Should Palm drop their Linux plans and embrace Android?

Summary:While browsing for mobile news and reviews this morning I came across a Fortune article that I thought had some very valid points and was an interesting read. The Why Palm Needs Android article makes the case for three reasons why Palm should consider the Android OS on future devices rather than rolling out its own Linux operating system sometime in the future. I think Palm should at least consider the idea, especially since their revenues keep going down.

Should Palm drop their Linux plans and embrace Android?
While browsing for mobile news and reviews this morning I came across a Fortune article that I thought had some very valid points and was an interesting read. The Why Palm Needs Android article makes the case for three reasons why Palm should consider the Android OS on future devices rather than rolling out its own Linux operating system sometime in the future. I think Palm should at least consider the idea, especially since their revenues keep going down.

I started out using Palm OS devices back in 1997 and have always felt a bit of loyalty to Palm. However, I have also been quite frustrated with them over the years for a number of reasons. I had the Sony CLIE UX50 back in 2004 when I heard about the upcoming Palm OS 6 (aka Cobalt) operating system update that would be coming at the end of the year. As we all know, Cobalt never materialized on any device and Palm OS 5 is still used on Palm OS devices today, despite being announced in 2002. Then in late 2004 we were told that a Linux version of the OS would be offered with Palm OS Garnet (5.x) and Cobalt also being part of the offerings. That strategy was changed when Cobalt didn't come in 2005 and then PalmSource was acquired by ACCESS. Thus ALP (ACCESS Linux Platform) was the new proposed OS announced in February 2006 with devices supposed to launch in 2007. This still has not happened. The latest news is that Palm is going to go the Linux route themselves. This announcement came in late 2007 with initial estimates having the OS ready for manufacturers before the end of 2008. That estimate has now been pushed back a couple of times to late 2009 and given the history of any OS updates coming from Palm I am not convinced we will ever see this either.

The name Palm used to be synonymous with a PDA and if anyone saw a device in your hand they asked, "Is that a Palm Pilot?" This question has now been replaced with, "Is that an iPhone?" and I rarely hear people mention the name Palm like they used to. I am still a bit amazed at how fast Palm fell when Microsoft entered the market with their Pocket PC OS and have to admit I thought Microsoft would have a tougher time passing up Palm given that Palm had such a popular brand. It really is a shame to see the Palm brand lose so much over time and even though there are solid devices coming out from them, primarily based on the Windows Mobile OS (who would have ever though this would happen back in 2005?), Palm seems to be a ship underway without a clear direction.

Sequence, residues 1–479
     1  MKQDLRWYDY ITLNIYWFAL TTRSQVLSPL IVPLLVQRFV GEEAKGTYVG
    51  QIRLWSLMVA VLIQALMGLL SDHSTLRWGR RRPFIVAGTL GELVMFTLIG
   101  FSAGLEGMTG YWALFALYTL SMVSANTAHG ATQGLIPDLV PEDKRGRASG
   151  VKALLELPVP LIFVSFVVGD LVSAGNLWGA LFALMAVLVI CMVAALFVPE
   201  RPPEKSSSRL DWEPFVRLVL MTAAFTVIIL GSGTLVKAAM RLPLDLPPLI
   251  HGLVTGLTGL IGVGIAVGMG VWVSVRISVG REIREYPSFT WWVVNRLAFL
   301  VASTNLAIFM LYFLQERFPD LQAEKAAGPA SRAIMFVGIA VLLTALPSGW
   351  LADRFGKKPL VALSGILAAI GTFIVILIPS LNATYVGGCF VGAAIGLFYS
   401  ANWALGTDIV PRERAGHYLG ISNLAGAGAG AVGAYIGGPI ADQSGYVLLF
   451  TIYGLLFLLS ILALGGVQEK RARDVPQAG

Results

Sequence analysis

There is quite a bit of excitement surrounding the T-Mobile G1 and the Android OS from Google that is coming later this month. Palm could capitalize on this excitement around the open platform and release a Treo based on Android that I think would be pretty awesome. However, as stated in the Fortune article, Palm has spent time and money working on this new Linux OS and dropping it may be a tough pill to swallow. This is compounded by the fact they already dropped a device, the Foleo, right before its release and took quite a hit with that endeavor.

There are still quite a few Palm OS fans, but given the open nature of Android I would think that developers (maybe even the StyleTap guys) could come up with a Palm OS emulator so that loyal fans could still run Palm OS applications on the Android platform. I run Palm OS now on my Nokia N800/N810 with the Garnet VM application.

Do you think Palm should launch an Android Treo rather than continue to pursue their own Linux OS?

Topics: Mobility, Hardware, Linux, Open Source, Operating Systems, Software

About

Matthew Miller started using a mobile devices in 1997 and has been writing news, reviews, and opinion pieces ever since. He is a co-host with GigaOM's Kevin Tofel on the MobileTechRoundup podcast and an author of three Wiley Companion series books. Matthew started using mobile devices with a US Robotics Pilot 1000 and has owned over 200 d... Full Bio

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